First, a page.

5 Questions With: Artist Liljana Mead Martin - The Drake
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    5 Questions With: Artist Liljana Mead Martin

    The walls of our spaces are filled with amazing pieces of art created by women, and with International Women’s Day taking place on March 8, we’ve been featuring the work of women in art all month long. This week, we’re closing out the series with Liljana Mead Martin, whose work explores the material ecologies of deep time, cultivation and climate evolution through sculpture and installation.  

    Her art work Deep Thirst BioOrchestra, seen in The Drake Hotel Classic Wing Lobby, imagines a new botanical species, grown from a fire-scorched landscape. Made using sculptural casts of her own body, the pieces drip with fluorescent colours and resemble thermal gradient maps. Created in Vancouver in 2021, the work was inspired by the real-life heat waves that hit the Pacific Northwest, drying out delicate northern rainforest ecosystems and includes collected wood bases from dried and fallen branches. 

    We chatted with Liljana to hear more about her current projects, and the women in the art space inspiring her right now. You can keep up with her work on Instagram @liljana_mead. 

    Deep Thirst BioOrchestra Liljana Mead Martin
    Deep Thirst BioOrchesta, seen in The Drake Hotel Classic Wing Lobby. Photo by Louisa Nicolaou


    + What are you working on that has you personally or professionally excited?   

    I recently moved to New York, which has been a big step personally and professionally. It took a tremendous amount of planning, saving and effort to get here especially during a global pandemic, but I am very excited about the artists I am meeting here. I’m excited to be planning a few upcoming exhibitions of my work! I also organize and facilitate BIOMASS which is a platform that hosts exhibitions and transcribed dialogues with artists. It is an ongoing project that has been very fortifying especially at this time.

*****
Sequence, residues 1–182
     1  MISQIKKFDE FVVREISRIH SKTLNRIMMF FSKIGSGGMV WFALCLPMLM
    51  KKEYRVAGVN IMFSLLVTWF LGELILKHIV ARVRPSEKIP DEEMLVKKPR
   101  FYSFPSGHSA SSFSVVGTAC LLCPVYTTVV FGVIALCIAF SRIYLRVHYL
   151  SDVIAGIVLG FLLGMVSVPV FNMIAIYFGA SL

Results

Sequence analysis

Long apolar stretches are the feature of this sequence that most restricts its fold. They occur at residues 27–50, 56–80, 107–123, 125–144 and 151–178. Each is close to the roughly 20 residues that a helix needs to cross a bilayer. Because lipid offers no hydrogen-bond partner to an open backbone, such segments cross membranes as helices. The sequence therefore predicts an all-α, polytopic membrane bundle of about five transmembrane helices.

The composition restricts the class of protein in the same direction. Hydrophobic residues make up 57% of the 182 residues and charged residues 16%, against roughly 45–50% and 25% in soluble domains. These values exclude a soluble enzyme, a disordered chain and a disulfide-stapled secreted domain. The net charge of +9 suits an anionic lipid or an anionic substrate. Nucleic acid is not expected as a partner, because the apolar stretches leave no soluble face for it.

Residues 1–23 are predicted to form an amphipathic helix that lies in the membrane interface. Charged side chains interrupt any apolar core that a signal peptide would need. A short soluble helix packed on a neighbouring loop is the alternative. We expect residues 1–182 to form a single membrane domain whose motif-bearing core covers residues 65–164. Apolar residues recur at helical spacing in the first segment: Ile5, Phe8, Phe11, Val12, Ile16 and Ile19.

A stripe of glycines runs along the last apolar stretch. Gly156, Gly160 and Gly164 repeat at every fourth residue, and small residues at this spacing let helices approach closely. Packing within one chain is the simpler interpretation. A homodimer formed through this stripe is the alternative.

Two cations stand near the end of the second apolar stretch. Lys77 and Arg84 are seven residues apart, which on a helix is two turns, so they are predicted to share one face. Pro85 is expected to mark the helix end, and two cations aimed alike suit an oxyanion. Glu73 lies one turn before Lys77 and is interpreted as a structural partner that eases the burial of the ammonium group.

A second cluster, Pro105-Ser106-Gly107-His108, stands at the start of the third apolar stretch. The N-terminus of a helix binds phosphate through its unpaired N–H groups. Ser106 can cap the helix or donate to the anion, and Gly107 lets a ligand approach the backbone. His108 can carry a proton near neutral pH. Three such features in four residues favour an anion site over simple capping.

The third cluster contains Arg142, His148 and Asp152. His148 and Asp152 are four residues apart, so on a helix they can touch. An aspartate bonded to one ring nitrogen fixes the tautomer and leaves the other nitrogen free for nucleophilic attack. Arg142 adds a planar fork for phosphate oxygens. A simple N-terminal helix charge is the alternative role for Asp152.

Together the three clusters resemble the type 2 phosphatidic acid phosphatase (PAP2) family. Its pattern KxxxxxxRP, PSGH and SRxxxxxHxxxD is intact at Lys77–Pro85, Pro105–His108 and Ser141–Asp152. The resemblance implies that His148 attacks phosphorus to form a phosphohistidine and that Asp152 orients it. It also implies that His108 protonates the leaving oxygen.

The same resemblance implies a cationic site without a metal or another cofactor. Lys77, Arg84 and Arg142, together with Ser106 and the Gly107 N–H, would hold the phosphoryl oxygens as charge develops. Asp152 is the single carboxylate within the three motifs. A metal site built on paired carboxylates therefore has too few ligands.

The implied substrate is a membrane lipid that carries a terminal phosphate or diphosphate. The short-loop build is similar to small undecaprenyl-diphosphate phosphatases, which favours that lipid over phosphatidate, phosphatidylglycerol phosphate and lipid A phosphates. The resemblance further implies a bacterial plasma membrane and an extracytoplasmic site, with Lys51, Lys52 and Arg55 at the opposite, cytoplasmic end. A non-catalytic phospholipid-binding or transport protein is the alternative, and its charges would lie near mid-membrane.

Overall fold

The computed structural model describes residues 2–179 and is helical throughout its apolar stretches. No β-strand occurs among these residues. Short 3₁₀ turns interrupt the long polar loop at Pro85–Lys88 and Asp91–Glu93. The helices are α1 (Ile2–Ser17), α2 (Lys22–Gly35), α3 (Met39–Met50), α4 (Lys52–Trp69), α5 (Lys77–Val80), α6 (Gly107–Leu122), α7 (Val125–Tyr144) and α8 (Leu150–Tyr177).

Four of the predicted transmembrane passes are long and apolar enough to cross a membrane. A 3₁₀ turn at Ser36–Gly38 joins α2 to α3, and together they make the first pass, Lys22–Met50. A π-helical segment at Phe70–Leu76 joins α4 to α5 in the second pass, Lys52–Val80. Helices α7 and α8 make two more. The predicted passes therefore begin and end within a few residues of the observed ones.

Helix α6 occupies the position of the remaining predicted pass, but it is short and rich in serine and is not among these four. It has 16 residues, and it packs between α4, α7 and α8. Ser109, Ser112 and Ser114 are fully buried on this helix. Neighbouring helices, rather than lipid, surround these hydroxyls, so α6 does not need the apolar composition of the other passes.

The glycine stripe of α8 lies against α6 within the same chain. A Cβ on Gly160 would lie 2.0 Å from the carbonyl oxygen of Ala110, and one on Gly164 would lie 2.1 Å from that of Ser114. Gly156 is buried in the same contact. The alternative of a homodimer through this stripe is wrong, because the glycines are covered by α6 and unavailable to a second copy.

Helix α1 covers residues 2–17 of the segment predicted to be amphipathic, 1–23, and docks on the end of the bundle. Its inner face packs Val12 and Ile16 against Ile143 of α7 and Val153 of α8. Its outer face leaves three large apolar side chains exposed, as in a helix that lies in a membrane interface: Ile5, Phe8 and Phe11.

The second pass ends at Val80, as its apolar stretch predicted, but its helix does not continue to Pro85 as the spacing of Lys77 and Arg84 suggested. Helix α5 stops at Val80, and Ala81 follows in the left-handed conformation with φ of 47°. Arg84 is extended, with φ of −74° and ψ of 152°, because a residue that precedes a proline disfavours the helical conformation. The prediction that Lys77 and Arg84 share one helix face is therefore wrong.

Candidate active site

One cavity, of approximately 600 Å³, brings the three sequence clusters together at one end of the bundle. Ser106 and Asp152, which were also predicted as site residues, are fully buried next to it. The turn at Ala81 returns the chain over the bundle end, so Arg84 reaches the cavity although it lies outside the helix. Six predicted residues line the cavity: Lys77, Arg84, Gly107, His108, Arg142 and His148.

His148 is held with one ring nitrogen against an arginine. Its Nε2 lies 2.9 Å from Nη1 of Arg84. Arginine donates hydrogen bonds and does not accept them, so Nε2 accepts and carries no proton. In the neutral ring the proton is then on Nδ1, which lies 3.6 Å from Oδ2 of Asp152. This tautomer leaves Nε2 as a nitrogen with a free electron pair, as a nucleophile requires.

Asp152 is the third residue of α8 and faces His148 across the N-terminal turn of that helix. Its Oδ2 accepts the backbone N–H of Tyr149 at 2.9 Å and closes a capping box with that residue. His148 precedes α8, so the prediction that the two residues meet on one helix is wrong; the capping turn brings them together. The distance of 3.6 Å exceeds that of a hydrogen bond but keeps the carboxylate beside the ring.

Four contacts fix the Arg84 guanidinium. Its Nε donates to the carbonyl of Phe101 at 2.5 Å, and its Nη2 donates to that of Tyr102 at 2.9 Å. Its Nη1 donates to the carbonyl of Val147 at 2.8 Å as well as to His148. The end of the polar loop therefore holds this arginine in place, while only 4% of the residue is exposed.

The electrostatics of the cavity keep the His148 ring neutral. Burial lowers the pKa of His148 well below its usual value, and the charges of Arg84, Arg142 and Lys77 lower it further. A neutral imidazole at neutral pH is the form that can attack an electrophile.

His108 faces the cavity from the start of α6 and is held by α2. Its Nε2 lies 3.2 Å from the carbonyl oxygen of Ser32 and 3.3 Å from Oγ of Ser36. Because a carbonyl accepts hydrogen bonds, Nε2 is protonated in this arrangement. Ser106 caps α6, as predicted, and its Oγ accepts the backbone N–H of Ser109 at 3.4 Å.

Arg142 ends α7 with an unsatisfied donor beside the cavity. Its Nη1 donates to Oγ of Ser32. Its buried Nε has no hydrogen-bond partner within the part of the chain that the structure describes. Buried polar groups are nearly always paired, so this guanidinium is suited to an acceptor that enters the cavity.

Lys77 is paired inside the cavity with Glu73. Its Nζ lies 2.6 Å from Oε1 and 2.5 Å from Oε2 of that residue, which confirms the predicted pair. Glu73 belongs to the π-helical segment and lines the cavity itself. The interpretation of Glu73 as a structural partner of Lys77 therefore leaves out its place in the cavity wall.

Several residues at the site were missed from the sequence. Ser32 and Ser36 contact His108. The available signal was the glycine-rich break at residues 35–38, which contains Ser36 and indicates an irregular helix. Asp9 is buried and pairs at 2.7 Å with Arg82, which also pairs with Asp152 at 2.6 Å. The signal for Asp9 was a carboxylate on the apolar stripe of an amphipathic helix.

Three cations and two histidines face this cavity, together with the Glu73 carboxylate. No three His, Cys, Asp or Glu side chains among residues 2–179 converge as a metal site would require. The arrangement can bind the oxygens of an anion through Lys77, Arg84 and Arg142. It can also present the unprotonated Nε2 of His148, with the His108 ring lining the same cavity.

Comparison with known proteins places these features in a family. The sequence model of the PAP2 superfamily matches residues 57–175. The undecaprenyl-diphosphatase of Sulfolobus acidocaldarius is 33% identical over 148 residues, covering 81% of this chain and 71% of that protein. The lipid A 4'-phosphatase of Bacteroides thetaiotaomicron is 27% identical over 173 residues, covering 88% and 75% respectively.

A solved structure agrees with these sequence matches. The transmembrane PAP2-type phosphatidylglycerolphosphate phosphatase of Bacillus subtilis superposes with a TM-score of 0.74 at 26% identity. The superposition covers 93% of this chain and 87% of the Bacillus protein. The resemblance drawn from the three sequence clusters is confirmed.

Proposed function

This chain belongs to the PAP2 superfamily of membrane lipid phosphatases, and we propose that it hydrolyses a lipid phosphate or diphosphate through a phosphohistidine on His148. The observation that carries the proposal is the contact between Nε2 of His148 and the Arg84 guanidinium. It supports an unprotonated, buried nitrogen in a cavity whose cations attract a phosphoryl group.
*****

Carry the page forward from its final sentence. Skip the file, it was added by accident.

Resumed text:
+ Can you tell us how you first came to cast your own body in your work? How does your physical presence in the work impact the way it develops?  

    Well, there is a long tradition of women artists who have been working directly with the body in both sculpture and performance. I’m interested in that history and in interdisciplinary approaches to artmaking. At this point, my work is evolving on its own and has become much more abstracted. The point isn’t to recreate my own physical presence in the work but to push it into a different reality. Casting is just a tool to allow those materializations to happen more immediately and fluidly in the studio.  

     + Who are some of your important role models or mentors who are women?  

    There have been many women who have influenced my work. Since I did my undergrad at NSCAD in Halifax and my MFA at ECU in Vancouver, Canadian sculptors have been particularly inspiring. I saw my first Valérie Blass exhibition in 2014 and have been following her work since. I love the tensions she creates between figuration and material and the strange surrealism that emerges. When I was a student I was very influenced by Janine Antoni’s work, I still think that her range and way of expressing her ideas is really cool. As for mentors, they have been friends, teachers, peers, colleagues, and family. 


    + What advice would you give to young up-and-coming artists? 

    Artists need each other to survive.   


    + Who are some women in the art space who are inspiring you right now?  

    It’s hard to know where to start. Before the pandemic I used to work as an exhibition tech at the Vancouver Art Gallery and I helped install the Shuvinai Ashoona exhibition ‘Mapping Worlds’. Those drawings are some of my favorite artworks of all time. I’ve really enjoyed seeing Rochelle Goldberg’s work, there is a timelessness in her works which as an artist I know is hard to capture, but she does it so well. I recently was introduced to Fin Simonetti’s work and those sculptures are incredibly crafted and detailed, just wow! I also love Eve Tagny’s artwork and choreographies, her research weaves through media with deep consideration to both image and material. I really enjoyed seeing Tsēmā Igharas’ exhibition Black Gold at grunt gallery last year, each installation held its own space in a subtle yet impactful way.  

    + Coffee or Tea?   


    + Your go-to comfort food?

    Tibetan momos, yumyum.  

    + What’s the last book you read or movie you watched that had an impact on you?  

    The Dispossessed by Ursula Le Guin. 

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